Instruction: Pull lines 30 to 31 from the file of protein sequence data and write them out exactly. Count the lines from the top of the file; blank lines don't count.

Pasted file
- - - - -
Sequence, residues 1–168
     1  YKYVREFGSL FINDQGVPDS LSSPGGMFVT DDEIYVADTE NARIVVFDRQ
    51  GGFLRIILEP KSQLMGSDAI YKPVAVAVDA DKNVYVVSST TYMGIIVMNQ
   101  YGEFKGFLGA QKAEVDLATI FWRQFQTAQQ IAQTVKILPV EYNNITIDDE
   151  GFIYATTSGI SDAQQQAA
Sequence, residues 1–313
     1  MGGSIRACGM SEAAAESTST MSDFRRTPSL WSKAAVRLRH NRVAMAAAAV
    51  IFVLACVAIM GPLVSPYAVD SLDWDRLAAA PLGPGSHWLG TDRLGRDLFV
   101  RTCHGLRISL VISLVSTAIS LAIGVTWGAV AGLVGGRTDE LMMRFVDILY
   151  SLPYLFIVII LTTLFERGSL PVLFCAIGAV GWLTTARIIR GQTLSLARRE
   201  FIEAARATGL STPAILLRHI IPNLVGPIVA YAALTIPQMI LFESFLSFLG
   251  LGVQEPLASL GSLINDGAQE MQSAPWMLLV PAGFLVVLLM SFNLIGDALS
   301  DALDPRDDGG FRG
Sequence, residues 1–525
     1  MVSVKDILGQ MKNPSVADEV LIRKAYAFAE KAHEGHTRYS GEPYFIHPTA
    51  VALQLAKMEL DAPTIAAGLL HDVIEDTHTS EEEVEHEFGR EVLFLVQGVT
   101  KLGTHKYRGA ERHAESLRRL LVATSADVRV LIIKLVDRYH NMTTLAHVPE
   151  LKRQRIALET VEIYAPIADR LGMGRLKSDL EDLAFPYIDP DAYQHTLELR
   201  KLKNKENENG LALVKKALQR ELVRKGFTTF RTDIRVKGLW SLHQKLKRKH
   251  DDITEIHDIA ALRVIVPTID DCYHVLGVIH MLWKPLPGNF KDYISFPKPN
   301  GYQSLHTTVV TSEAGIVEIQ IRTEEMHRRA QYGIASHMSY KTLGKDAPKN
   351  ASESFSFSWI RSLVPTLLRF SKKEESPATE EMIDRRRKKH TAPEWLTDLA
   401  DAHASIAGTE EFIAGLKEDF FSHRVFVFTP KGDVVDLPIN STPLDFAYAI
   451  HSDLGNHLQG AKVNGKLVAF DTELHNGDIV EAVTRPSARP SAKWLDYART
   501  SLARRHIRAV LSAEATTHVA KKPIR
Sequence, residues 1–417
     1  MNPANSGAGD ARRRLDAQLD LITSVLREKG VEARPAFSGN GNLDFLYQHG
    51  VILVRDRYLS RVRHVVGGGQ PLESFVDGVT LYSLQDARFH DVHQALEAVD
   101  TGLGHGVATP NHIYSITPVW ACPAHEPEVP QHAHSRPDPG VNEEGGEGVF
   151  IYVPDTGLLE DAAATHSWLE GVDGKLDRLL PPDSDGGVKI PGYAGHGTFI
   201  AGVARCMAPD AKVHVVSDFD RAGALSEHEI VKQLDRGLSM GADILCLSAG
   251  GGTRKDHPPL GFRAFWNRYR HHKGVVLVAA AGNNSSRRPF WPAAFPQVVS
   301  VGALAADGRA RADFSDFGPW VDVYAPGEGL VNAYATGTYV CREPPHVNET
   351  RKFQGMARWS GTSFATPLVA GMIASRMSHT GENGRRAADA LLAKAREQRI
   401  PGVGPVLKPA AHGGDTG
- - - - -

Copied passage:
   151  IYVPDTGLLE DAAATHSWLE GVDGKLDRLL PPDSDGGVKI PGYAGHGTFI
   201  AGVARCMAPD AKVHVVSDFD RAGALSEHEI VKQLDRGLSM GADILCLSAG